64 Ohio State Law Journal 43 (2003)
Those who are concerned about judicial independence and accountability in the United States quite rightly focus their attention on state judicial election campaigns. It is there that the most sustained and successful efforts to threaten judicial tenure in response to isolated, unpopular judicial decisions have occurred; and it is there that escalating campaign spending has created a public perception that judges are influenced by the contributions they receive. Attempts to address these problems have been undermined by four political realities that the author refers to as "the Axiom of 80 ": Eighty percent of the public favors electing their judges; eighty percent of the electorate does not vote in judicial races; eighty percent is unable to identify the candidates for judicial office, and eighty percent believes that when judges are elected, they are subject to influence from the campaign contributors who made the judges' election possible.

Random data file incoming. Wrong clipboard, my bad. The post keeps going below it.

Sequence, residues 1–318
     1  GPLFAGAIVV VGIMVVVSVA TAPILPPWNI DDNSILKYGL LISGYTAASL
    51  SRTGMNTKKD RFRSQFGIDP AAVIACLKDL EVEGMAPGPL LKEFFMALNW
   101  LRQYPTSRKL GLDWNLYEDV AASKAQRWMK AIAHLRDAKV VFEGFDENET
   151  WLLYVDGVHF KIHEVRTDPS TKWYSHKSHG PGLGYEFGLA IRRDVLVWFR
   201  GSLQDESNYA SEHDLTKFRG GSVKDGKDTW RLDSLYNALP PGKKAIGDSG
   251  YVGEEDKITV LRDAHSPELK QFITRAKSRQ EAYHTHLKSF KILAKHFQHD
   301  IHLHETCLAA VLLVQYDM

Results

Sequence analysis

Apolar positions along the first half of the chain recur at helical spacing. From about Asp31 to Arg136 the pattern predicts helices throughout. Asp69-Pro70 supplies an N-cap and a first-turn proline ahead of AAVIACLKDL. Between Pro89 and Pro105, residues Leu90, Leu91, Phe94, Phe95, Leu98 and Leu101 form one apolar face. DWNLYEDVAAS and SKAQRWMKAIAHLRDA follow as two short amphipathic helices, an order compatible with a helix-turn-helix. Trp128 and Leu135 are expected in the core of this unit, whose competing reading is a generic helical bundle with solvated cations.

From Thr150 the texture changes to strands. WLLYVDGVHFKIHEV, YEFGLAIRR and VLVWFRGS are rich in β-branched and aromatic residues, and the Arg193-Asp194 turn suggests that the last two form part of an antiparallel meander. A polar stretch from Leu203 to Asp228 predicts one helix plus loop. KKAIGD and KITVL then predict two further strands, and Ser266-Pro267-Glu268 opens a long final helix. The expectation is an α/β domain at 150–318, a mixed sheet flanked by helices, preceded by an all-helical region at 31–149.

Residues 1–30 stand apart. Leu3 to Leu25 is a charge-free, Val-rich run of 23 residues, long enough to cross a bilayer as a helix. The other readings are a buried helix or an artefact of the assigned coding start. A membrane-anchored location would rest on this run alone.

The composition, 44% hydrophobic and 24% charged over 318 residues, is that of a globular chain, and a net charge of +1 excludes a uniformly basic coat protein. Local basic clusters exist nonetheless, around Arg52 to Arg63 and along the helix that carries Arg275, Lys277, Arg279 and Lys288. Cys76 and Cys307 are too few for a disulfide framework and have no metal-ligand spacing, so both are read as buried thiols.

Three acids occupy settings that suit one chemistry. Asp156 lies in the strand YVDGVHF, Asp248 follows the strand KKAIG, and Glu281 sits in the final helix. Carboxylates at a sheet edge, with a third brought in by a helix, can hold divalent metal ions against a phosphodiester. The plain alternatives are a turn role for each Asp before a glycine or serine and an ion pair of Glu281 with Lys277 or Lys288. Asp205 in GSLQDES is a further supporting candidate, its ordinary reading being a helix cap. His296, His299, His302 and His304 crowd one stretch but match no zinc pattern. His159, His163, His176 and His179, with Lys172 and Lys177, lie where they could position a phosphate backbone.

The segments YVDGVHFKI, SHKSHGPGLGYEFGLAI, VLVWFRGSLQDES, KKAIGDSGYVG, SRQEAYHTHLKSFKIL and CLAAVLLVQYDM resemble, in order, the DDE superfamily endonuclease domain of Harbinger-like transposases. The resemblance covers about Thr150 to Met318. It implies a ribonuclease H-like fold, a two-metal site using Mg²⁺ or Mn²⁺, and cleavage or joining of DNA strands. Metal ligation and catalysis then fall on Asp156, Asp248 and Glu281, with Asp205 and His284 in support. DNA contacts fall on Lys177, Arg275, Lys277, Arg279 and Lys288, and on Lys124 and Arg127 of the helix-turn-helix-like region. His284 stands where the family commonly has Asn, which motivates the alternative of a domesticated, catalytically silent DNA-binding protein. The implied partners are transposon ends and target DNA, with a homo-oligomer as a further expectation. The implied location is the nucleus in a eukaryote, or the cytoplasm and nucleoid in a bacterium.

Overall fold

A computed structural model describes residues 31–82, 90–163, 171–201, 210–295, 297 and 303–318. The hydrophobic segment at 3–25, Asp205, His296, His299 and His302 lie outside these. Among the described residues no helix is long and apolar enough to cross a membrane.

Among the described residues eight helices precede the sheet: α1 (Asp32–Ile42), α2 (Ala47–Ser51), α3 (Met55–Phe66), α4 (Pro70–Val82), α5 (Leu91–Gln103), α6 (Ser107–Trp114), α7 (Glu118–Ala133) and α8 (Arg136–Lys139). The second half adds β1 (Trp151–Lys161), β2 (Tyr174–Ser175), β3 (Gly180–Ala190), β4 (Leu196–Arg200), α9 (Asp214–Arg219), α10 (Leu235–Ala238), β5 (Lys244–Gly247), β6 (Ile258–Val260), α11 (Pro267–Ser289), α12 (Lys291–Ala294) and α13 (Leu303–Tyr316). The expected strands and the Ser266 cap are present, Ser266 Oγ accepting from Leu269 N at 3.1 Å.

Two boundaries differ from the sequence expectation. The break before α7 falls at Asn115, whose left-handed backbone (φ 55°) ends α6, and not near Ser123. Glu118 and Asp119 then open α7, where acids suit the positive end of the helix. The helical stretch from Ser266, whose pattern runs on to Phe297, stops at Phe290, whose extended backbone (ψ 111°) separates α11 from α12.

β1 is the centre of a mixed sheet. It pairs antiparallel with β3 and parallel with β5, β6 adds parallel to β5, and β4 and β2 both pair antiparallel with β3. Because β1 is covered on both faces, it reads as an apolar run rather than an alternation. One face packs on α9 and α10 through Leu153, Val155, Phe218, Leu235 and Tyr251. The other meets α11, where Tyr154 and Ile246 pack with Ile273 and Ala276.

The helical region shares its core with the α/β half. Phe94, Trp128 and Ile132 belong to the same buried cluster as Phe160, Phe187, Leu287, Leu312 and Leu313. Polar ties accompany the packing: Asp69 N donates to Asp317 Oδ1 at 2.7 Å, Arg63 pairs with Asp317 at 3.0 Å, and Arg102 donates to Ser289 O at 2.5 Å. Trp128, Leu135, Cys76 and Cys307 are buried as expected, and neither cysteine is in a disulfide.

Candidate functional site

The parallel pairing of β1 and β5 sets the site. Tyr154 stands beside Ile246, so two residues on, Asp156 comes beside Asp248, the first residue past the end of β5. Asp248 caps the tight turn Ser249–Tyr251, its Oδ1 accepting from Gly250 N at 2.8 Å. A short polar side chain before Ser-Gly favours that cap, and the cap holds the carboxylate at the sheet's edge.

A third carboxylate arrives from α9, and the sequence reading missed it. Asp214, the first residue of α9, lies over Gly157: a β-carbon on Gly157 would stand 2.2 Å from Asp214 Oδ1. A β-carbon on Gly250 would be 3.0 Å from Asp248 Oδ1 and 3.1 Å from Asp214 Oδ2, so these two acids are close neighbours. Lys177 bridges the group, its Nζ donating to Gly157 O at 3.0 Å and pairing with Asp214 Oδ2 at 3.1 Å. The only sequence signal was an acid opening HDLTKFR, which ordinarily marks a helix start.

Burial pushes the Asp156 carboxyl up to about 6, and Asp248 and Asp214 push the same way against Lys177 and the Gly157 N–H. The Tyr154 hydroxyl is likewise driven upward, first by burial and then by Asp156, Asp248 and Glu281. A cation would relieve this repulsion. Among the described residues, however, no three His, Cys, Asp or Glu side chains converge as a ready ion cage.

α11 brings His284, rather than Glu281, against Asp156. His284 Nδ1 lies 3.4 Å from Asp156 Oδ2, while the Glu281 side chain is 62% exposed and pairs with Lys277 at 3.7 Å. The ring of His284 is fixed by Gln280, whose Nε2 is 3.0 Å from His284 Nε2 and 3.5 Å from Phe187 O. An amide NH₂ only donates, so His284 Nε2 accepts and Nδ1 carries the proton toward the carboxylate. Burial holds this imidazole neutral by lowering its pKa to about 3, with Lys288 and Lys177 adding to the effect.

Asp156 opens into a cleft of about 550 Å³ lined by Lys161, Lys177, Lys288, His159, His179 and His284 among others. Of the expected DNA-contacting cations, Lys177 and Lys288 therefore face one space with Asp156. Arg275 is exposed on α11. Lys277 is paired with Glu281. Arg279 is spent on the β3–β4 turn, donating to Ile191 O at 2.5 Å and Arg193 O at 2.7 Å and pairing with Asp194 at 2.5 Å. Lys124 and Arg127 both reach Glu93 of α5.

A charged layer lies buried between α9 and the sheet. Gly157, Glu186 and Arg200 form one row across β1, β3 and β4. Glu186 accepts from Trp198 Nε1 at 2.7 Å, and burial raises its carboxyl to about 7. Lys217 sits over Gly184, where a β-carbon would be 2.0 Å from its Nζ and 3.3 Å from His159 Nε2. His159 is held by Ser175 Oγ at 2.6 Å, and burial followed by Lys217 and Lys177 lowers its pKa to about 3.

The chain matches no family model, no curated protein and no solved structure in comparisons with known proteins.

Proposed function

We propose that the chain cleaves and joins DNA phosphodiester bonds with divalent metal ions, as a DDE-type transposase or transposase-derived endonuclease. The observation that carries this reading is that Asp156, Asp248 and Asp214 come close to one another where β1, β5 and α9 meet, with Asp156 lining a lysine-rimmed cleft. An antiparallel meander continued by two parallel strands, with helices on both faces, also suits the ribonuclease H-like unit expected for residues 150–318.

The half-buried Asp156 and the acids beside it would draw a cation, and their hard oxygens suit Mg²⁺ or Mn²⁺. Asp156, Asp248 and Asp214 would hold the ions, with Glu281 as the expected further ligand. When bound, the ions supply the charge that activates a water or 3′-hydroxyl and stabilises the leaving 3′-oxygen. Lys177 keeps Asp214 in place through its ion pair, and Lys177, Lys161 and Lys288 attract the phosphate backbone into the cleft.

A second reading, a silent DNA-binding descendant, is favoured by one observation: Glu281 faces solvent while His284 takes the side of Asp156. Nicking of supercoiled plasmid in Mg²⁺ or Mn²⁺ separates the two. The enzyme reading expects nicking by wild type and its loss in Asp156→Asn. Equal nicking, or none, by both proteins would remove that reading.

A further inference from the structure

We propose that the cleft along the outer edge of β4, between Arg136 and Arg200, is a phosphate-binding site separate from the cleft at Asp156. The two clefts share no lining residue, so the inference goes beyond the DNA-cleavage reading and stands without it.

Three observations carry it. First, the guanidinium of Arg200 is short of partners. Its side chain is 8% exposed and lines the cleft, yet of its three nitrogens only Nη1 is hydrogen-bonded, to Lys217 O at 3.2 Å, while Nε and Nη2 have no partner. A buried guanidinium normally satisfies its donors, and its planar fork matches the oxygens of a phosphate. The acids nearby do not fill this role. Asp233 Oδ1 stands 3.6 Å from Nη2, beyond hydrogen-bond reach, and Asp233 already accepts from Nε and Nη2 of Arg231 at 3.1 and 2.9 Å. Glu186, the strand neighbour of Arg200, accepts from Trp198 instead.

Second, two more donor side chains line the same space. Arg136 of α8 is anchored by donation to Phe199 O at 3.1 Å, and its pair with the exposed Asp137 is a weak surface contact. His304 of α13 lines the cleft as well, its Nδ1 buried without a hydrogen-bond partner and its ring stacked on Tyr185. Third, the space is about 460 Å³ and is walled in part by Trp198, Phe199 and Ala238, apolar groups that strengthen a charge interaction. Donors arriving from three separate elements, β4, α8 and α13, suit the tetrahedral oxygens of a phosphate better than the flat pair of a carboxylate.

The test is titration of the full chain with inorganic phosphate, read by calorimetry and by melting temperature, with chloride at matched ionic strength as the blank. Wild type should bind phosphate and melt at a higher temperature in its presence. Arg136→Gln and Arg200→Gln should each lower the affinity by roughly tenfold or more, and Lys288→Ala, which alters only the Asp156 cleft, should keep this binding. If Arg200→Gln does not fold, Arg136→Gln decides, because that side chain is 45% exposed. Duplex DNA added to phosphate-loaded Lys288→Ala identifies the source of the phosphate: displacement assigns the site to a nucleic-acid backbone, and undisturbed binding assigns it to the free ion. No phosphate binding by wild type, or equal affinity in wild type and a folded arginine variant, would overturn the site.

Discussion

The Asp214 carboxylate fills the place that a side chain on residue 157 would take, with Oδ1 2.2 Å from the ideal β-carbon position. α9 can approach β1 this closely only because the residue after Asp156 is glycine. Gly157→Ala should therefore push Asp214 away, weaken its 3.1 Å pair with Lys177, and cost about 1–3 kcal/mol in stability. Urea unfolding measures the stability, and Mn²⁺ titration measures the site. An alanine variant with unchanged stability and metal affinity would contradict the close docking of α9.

Conceding the inevitability of judicial elections in light of entrenched public support, court reformers have relegated themselves to proposing incremental reforms aimed at lessening the detrimental effects of judicial elections. As valuable as these efforts are in the short term, the author argues that they will ultimately fail because judicial elections are inherently unable to preserve judicial independence or promote judicial accountability. The author thus proposes a six point long-term strategy aimed at overcoming popular support for judicial elections, gradually phasing elections out of existence, and replacing them with an appointive model of judicial selection akin to that employed in the federal system.
Geyh, Charles G., "Why Judicial Elections Stink" (2003). Faculty Publications. Paper 338.